You Will Be Mine
R1 - America - Film Movement
Review written by and copyright: Eric Cotenas (16th June 2019).
The Film

Country mouse Marie (Le Week-End's Judith Davis) moves to Lyon to study at the music academy as a concert pianist. She moves in with childhood friend Emma (My King's Isild Le Besco), the daughter of a famous artist, sharing her absent mother's labyrinthine apartment. While Emma has blossomed into a chic, worldly but icy beauty, she proves to be more studious as a medical student than Marie who is dedicated to her goals as an artist but also wants to have some fun. She tries to emulate Emma in style but soon finds their closeness confining as Emma shuns Marie's music school friends and becomes anxious and angry when Marie stays out late. A big fish in a small pond back home, Marie is not making the strides she believes she should be under the tutilege of Mademoiselle Lainé (Eyes Without a Face's Edith Scob), blaming Marie who embarasses her in front of her friends by criticizing the judges when Marie does not win a spot on a radio concert. It is not long before Emma makes her desires for Marie known, which the other girl does not return. Her family believes that she is being an ungrateful brat and see Marie as generous for allowing her to live in the city without a two hour commute. Feeling powerless, Marie latches onto Emma's weaknesses, using them to manipulate her emotions and flaunt her relationship with classmate Sami (Cosmos' Johan Libéreau), but Emma proves just as manipulative and it is just a matter of time before one or the other snaps.

Promoted as "Single White Female meets The Page Turner," You Will Be Mine does indeed share some of the same tone as the latter film but has more in common with another Single White Female precursor in Claude Chabrol's Les Biches; however, You Will Be Mine shows no interest in going anywhere as far as narrative progression or character arcs. The British title Highly Strung might be even more appropriate as it is not so much a thriller as a study of brittle young artistic personalities and explores the ambiguities of how they feed off of each other. Emma certainly is manipulative but also pitiable while Marie seems to momentarily return Emma's interests only insofar as how it might energize her performance. Even boyfriend Sami is uncomfortable with the dynamic between the two girls, thinking Marie either cruel to exploit Emma's clinginess or more interested than she claims with her reluctance to tell anyone about her supposed concerns about her roommate's possessive behavior. Ultimately, however, the film kinds of putters out with a climax and resolution that plays like a limper version of The Piano Teacher and leaves us knowing little more about the characters than we did at the start.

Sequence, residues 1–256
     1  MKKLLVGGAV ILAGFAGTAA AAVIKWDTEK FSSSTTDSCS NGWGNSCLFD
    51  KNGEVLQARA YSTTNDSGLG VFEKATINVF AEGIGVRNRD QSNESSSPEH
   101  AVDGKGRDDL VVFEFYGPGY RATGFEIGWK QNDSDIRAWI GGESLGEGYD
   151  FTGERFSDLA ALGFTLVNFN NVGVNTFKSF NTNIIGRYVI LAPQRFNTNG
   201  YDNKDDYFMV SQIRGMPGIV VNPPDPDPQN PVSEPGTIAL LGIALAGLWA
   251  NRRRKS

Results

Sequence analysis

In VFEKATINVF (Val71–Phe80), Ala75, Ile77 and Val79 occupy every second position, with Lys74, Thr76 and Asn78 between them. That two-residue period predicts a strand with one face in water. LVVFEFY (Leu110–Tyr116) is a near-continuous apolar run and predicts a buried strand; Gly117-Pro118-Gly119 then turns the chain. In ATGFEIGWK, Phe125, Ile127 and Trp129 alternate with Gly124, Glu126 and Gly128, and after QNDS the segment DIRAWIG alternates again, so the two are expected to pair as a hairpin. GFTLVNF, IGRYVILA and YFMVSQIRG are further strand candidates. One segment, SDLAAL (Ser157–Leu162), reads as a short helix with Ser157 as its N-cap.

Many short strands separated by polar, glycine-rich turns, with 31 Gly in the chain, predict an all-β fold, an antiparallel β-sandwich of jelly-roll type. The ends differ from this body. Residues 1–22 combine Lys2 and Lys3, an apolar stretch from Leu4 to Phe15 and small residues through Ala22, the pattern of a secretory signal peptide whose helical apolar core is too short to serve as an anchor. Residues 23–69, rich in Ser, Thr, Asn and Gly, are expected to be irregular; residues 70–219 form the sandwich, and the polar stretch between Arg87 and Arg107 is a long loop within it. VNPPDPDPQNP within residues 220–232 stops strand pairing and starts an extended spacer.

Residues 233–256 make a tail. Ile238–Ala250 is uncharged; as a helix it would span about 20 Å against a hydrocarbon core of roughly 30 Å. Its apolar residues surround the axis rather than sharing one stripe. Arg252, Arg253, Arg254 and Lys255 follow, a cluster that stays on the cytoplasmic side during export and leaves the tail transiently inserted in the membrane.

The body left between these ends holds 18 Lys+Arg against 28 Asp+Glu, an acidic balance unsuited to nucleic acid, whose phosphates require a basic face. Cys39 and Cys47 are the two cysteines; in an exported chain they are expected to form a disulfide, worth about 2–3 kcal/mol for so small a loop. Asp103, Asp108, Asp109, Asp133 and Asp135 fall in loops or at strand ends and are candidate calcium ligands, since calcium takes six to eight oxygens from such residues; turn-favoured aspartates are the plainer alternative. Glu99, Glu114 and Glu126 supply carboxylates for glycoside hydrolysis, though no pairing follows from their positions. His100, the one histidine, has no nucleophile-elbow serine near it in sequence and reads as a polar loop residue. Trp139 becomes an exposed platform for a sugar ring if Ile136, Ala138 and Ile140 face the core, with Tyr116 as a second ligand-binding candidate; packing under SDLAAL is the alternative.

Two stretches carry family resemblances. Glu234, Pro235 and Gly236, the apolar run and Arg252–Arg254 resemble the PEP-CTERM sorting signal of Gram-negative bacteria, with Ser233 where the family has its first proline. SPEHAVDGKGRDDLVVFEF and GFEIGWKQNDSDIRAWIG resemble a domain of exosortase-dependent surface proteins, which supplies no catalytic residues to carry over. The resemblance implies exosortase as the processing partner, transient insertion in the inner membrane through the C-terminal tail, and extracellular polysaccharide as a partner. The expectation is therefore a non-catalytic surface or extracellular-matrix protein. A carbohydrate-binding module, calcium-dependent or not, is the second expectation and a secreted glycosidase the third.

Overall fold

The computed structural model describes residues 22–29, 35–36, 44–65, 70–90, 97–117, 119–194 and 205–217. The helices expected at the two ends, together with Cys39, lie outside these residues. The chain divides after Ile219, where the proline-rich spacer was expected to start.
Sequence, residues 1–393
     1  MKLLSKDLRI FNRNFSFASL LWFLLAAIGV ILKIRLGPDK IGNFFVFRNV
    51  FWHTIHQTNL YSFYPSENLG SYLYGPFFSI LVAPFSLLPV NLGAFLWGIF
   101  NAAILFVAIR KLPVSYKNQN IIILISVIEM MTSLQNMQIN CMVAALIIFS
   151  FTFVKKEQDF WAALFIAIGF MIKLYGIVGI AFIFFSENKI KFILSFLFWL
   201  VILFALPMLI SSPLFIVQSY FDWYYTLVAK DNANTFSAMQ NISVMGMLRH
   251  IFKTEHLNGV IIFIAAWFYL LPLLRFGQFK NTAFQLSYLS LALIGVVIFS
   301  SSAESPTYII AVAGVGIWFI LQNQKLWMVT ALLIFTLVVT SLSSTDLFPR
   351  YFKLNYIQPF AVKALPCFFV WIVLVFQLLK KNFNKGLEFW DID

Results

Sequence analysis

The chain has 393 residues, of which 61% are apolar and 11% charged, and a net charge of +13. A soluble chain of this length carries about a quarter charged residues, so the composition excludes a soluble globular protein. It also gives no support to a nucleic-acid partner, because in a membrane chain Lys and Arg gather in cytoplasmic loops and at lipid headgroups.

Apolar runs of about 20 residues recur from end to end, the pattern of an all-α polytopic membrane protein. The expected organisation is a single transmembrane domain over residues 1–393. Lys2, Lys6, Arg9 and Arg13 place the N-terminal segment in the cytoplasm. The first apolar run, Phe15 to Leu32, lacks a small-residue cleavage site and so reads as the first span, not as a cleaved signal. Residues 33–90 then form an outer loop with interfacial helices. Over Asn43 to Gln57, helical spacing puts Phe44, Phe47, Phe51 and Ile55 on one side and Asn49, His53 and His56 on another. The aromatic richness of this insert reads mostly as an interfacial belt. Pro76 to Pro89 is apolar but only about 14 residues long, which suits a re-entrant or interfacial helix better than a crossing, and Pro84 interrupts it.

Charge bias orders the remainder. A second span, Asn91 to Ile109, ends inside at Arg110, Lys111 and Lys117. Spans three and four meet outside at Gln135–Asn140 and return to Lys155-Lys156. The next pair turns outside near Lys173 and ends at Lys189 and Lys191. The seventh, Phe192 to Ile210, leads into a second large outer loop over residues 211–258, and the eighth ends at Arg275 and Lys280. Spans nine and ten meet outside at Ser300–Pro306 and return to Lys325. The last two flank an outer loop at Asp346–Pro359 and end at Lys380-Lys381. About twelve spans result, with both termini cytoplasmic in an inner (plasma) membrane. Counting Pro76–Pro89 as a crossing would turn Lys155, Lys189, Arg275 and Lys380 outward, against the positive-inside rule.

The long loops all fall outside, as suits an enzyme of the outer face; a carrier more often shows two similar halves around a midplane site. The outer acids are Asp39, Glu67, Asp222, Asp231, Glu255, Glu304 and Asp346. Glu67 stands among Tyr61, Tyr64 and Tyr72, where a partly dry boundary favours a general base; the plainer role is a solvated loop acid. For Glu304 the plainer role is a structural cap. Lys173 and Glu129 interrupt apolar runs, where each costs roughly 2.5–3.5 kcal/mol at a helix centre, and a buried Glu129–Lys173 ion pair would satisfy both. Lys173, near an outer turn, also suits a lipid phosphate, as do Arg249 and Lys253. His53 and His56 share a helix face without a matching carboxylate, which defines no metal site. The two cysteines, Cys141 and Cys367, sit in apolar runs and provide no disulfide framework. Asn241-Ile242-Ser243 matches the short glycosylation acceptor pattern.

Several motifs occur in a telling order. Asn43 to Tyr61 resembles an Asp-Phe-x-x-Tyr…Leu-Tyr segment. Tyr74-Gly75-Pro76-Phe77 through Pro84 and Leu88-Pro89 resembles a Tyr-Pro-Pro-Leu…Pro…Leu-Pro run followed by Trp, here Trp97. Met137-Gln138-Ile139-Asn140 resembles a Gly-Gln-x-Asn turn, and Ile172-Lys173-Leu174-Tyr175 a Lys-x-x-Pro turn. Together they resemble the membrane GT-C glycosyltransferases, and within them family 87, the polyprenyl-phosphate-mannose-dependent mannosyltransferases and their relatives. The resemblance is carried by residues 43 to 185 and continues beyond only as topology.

Film Movement's barebones, dual-layer DVD presents the progressive, anamorphic film at a high bitrate which makes the best of an older SD master of a film with plenty of low-light sequences and natural lighting.


The sole audio option is a Dolby Digital 2.0 stereo track that has clear dialogue and channel separation for the music and some directional effects, but the lack of a 5.1 track – reportedly present on the British and French DVD editions – and the large burnt-in subtitles are a little annoying and atypical of Film Movement's product in general.


There are no extras apart from two start-up trailers.


Promoted as "Single White Female meets The Page Turner," You Will Be Mine shows no interest in going anywhere as far as narrative progression or character arcs.


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